Cindy Lou arrives at Husky’s gym in search of Carmen just before Joe appears. Ignoring his former sweetheart, he orders Carmen to leave with him and threatens Husky with a knife when he tries to intervene. Carmen helps Joe escape the military police, but during Husky’s big fight, after he wins the match, Joe finds Carmen in the crowd and pulls her into a storage room, where he begs her to return to him. When she rebuffs him, Joe strangles Carmen to death just before the military police arrive to apprehend him for desertion.
Josephine Baker (3 June 1906 – 12 April 1975) was an American-born French dancer, jazz and pop music singer, and actress, who came to be known in various circles as the “Black Pearl,” “Bronze Venus” “Jazz Cleopatra”, and even the “Creole Goddess”.
Joséphine Baker poster Folies Bergére.
Harris was born on New Year’s Eve 1906 (some sources indicate 1909) in Houston, Texas to Isaiah (1879–1956) and Mable (1883–1964) Harris, both of whom were former sharecroppers from Louisiana.
Harris’ family relocated to Southern California when she was 11 years old. After graduating Jefferson High School, she studied at the UCLA Conservatory of Music and Zoellner’s Conservatory of Music. She then joined the African American musical comedy theatre troupe, the Lafayette Players.
In 1929, she traveled to Hollywood where she embarked on an acting career. She made her film debut in Thunderbolt, singing the song “Daddy Won’t You Please Come Home”. As she entered the 1930s she found herself playing maids to fictitious Southern belles, socialites and female molls played by such actresses as Ginger Rogers, Bette Davis, Sylvia Sidney, Frances Dee, Myrna Loy, Jean Harlow, Esther Williams, Thelma Todd, Kay Francis, and Barbara Stanwyck. These parts, however, were sometimes uncredited. She also floated around studios doing bit-parts, usually at Warner Bros. or Metro-Goldwyn-Mayer. Aside from maids, she also specialized in playing blues singers, waitresses, tribal women, prostitutes, and hat check girls.
Harris had a featured role as a friend of Jean Harlow in MGM’s Hold Your Man (1932), also starring Clark Gable. In 1933, she starred as Chico in the Warner Bros.Pre-code production of Baby Face, starring Barbara Stanwyck. That same year, Harris starred in a substantial role opposite Ginger Rogers in Professional Sweetheart. As Rogers’ character’s maid, Harris’ character subs for Rogers’ character as a singer on the radio. Despite the fact that Harris’ character was a major point for the story’s plot development, she was uncredited for the role.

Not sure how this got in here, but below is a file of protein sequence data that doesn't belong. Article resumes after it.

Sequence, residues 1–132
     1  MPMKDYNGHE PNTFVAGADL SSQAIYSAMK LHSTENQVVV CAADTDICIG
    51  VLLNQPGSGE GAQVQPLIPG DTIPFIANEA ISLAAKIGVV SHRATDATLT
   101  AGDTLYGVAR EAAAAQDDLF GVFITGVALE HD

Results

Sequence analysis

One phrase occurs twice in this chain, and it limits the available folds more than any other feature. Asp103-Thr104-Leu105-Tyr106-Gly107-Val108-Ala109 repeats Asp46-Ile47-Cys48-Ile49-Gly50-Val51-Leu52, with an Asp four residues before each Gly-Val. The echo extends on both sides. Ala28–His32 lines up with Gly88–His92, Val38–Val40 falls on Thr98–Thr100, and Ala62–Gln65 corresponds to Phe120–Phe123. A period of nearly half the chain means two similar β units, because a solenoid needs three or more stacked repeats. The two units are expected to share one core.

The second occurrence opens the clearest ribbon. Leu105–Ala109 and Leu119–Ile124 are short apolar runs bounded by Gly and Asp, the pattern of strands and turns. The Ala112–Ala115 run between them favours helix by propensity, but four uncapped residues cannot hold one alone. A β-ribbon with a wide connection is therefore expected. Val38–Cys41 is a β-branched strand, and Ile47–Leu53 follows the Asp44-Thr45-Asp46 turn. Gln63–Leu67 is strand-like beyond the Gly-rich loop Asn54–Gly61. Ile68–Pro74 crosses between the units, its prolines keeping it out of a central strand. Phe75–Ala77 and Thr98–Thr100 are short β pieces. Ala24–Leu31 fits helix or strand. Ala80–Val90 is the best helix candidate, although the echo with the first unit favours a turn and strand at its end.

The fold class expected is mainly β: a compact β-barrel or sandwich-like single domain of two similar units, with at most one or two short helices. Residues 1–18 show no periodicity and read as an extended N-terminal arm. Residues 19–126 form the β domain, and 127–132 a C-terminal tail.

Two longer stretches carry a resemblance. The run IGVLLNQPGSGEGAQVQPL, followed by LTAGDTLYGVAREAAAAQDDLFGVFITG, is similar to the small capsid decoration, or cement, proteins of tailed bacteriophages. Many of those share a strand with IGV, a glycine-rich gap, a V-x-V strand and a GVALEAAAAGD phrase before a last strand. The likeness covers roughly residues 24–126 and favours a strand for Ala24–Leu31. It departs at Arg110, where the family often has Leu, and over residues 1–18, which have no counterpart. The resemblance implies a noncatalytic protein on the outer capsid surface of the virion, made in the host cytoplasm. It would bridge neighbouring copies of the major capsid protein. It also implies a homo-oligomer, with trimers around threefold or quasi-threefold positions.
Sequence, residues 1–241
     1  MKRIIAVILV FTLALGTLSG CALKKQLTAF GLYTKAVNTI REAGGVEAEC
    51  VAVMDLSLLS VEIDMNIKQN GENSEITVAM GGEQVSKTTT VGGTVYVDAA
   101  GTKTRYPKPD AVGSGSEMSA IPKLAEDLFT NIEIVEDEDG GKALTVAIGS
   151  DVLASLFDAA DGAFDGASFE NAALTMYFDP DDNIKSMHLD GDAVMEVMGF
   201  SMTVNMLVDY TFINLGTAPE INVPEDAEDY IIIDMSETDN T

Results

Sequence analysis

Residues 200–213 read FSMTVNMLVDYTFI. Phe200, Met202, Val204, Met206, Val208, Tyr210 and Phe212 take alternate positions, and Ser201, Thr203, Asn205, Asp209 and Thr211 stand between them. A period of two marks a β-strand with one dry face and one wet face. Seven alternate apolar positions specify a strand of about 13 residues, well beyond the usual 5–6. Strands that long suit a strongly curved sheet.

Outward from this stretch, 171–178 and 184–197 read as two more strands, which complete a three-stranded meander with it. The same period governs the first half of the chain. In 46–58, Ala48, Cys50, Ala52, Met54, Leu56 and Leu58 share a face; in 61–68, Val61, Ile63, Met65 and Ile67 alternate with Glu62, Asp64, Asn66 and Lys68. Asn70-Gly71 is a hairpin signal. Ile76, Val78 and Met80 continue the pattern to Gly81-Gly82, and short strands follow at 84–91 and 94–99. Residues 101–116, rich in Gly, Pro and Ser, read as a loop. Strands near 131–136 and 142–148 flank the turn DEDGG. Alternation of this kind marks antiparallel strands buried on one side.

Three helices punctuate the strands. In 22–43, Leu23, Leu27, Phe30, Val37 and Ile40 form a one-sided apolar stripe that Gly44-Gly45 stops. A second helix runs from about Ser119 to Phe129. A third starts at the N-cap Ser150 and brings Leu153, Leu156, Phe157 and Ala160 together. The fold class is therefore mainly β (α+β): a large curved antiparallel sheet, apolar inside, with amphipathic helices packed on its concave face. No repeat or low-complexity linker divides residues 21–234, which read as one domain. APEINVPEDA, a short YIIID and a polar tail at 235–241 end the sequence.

Throughout the 1930s, Harris played many uncredited parts in films such as Horse Feathers (1932), Gold Diggers of 1933 (1933), Mary Stevens, M.D. (1933) and Morning Glory (1933). She also played Bette Davis’s maid Zette in the film Jezebel (1938). In 1937, she appeared in the race film Bargain With Bullets opposite Ralph Cooper for Million Dollar Productions which was owned by Cooper. While doing promotion for the film, Harris spoke about her frustration over the difficulty African American actors faced in the film industry stating, “I never had the chance to rise about the role of maid in Hollywood movies. My color was against me anyway you looked at it. The fact that I was not “hot” stamped me either as uppity or relegated me to the eternal role of stooge or servant. […] My ambition is to be an actress. Hollywood had no parts for me.” She also praised Ralph Cooper for starting a production company that produced films starring African American actors. She said, “We have nothing to lose in the development of an all-colored motion picture company. The competition will make Hollywood perk up and produce better films with our people in a variety of roles.” Harris continued to lobby for better parts but found few opportunities within Hollywood. In the 1939 movie, “Tell No Tales” she was credited for her part as Ruby, the wife of a murdered man. Harris played an emotional scene with Melvin Douglas at the funeral.